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(Optimized) Sleep Expectations vs Reality

Posted by iowacityasc on Oct 12, 2021 7:00:57 PM

It’s easy to underestimate the importance of sleep. Maybe that’s because nearly 70% of Americans report that they aren’t getting the sleep they need anyway. For many, this means night after night of tossing and turning. Others might simply wake up feeling groggy and exhausted.

Sleep deficits and disruptions such as these can lead to significant health problems over the long term. So if you’re having sleep trouble, it’s a good idea to find out why!

Why Am I Having Trouble Sleeping?

Most adults should be getting roughly 7 hours of sleep every night. Most people think of sleep as something that’s automatic: you put your head on the pillow and (eventually) your body’s sleeping mechanism naturally kicks in. The result is a long and restful eight hours of sleep. But it doesn’t always work that way.

The inability to fall asleep or stay asleep is called insomnia. And insomnia can come in several different types:

  • Acute insomnia is a temporary event. Maybe you have trouble falling asleep for a few days but then your sleep cycle goes back to normal.
  • Chronic insomnia is a long-term continuing inability to fall asleep. Chronic insomnia can present in a way that feels cyclical, with periods of normal sleep followed by a stretch of disrupted sleeping.

Generally, you can experience either primary insomnia (that is, insomnia that is a root cause in and of itself) or secondary insomnia (this is insomnia that is caused by something else–for example, stress).

Causes of Insomnia

There are several reasons why insomnia may develop, including the following:

  • Stress: When you’re stressed out, it’s hard to sleep.
  • Alcohol: Alcohol is a sedative, but it’s an ineffective and dangerous sleep aid. Drinking too much alcohol (or drinking alcohol too close to bedtime) can cause serious sleep disruptions and health problems.
  • Caffeine: Because it is a powerful stimulant, drinking too much caffeine can make it challenging to fall asleep and stay asleep. Avoid drinking coffee or cola just before bed!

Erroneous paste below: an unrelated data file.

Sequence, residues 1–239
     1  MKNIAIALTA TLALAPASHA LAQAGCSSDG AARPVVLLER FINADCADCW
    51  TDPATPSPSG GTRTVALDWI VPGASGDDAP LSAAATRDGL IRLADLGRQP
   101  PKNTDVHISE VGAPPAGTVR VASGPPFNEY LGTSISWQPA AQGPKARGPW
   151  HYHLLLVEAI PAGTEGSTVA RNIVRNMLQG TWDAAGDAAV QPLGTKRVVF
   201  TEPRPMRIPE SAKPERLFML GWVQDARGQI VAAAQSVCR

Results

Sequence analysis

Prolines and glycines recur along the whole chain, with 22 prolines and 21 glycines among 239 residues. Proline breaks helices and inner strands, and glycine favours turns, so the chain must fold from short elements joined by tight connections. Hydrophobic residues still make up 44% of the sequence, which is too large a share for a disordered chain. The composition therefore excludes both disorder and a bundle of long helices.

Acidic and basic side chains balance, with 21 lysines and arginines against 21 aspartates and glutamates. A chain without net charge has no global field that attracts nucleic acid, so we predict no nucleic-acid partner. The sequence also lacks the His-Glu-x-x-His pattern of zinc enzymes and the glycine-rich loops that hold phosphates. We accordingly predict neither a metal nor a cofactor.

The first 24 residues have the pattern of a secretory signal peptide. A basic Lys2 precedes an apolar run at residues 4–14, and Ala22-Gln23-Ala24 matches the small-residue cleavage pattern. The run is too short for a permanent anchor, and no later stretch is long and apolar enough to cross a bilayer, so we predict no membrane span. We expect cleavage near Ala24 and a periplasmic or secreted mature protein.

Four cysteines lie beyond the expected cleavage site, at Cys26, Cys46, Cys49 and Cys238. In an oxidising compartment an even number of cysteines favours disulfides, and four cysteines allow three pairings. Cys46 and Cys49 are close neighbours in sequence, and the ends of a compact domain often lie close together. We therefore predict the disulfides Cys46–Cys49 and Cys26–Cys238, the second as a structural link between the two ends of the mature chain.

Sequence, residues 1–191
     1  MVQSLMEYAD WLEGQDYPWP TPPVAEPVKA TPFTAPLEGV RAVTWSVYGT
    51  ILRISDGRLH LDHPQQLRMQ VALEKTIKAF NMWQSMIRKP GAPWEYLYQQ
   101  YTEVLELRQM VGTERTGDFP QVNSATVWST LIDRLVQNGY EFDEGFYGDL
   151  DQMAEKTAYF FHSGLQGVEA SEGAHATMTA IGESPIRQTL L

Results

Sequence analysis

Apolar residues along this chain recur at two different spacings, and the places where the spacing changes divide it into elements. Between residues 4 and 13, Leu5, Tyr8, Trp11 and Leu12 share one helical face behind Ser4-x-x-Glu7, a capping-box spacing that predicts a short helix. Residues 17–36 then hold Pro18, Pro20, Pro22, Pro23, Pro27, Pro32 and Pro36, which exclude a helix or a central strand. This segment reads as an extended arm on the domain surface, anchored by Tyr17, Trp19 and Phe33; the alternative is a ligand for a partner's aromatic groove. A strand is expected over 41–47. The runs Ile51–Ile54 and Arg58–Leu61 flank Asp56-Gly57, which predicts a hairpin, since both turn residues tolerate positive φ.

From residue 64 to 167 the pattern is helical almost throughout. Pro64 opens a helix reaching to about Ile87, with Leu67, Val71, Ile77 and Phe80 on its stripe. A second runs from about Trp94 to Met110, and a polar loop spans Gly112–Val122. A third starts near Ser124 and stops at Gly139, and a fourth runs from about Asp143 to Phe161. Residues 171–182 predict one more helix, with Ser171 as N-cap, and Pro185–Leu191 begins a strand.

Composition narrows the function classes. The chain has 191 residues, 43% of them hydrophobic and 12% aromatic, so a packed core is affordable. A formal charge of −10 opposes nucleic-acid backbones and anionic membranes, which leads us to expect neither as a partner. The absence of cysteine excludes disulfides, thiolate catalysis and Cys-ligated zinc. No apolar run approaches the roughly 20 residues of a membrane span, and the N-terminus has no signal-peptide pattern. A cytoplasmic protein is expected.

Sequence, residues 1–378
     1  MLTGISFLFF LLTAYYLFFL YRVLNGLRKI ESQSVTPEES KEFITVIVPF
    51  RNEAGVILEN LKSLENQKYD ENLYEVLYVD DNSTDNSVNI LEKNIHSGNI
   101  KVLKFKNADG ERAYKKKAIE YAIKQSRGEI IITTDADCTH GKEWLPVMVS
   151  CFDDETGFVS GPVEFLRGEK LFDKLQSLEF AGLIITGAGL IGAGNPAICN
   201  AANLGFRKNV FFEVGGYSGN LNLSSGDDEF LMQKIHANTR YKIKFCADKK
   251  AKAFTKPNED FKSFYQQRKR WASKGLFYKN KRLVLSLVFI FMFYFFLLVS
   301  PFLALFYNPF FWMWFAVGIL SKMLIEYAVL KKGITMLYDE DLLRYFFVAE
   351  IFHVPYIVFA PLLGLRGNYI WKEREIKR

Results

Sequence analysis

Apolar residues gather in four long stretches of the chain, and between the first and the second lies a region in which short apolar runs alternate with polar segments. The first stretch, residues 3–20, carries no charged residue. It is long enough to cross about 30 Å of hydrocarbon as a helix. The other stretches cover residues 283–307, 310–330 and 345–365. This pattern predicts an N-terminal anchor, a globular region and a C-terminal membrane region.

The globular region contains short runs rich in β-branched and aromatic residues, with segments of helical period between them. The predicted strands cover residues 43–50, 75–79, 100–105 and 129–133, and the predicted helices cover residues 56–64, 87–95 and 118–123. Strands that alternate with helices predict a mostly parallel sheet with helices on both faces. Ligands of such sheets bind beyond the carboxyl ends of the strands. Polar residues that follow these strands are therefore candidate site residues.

• Mental health: Depression and anxiety, for example, can make it difficult to sleep.
  • Medications: Some medication interactions can lead to disrupted sleep.
  • Illness: Some illnesses can interfere with your ability to sleep, especially if they cause discomfort.

How Can I Improve My Sleep?

Of course, it may not even be insomnia that’s the problem. Maybe the problem isn’t that you aren’t sleeping at all–perhaps the problem is that you aren’t sleeping well. In some cases, you’ll need treatment for better sleep; in others, a change in habits can make a big difference.

Want to know how to sleep better at night? Here are some things you can do at home to improve the quality of your sleep:

  • Don’t eat too late: Going to bed with a full stomach can be uncomfortable, and it can mess with your ability to stay asleep. Make sure you give yourself plenty of time to digest your dinner!
  • Stay out of the bedroom (unless you’re sleeping): When you spend too much time in your bedroom, your body’s natural sleep associations tend to break down. That’s why you should reserve your bedroom for sleep and sex.
  • Make a sleep schedule (and stick to it). Going to bed around the same time every night will help you sleep better. In order to do that, you may also have to wake up around the same time every day.
  • Don’t take naps in the daytime if you can help it: If you nap excessively, you may disrupt your sleep schedule.
  • Get some exercise every day: When your body is physically tired (or at least does not have pent-up energy), it’s easier for you to fall asleep every night.
  • Limit screen time: Don’t look at your phone or a computer screen after 9 pm, for example.

What if I’m Still Tired All the Time?

Knowing how to sleep better at night will work if there’s nothing physiological going on. If you’re getting a good night’s sleep and you’re still tired all the time, you may have a condition called sleep apnea. Those with sleep apnea (often indicated by loud snoring and restless sleeping) can stop breathing in the middle of the night.

Talk to your physician about the best way to treat sleep apnea, so you can ensure a better and safer night’s sleep.

Better Sleep, Better Life

If you’re laying in bed at night thinking to yourself, “How can I improve my sleep,” you aren’t alone. The good news is that there are steps you can take to immediately improve the quality of rest you’re getting. Better sleep is going to lead to a healthier, more fulfilling life experience. Your immune system will function better, you’ll be more alert and more aware–and less cranky.

But you may need some help to achieve that. Talk to your doctor about how you can achieve better sleep–and wake up feeling refreshed.

Topics: Sleep Apnea

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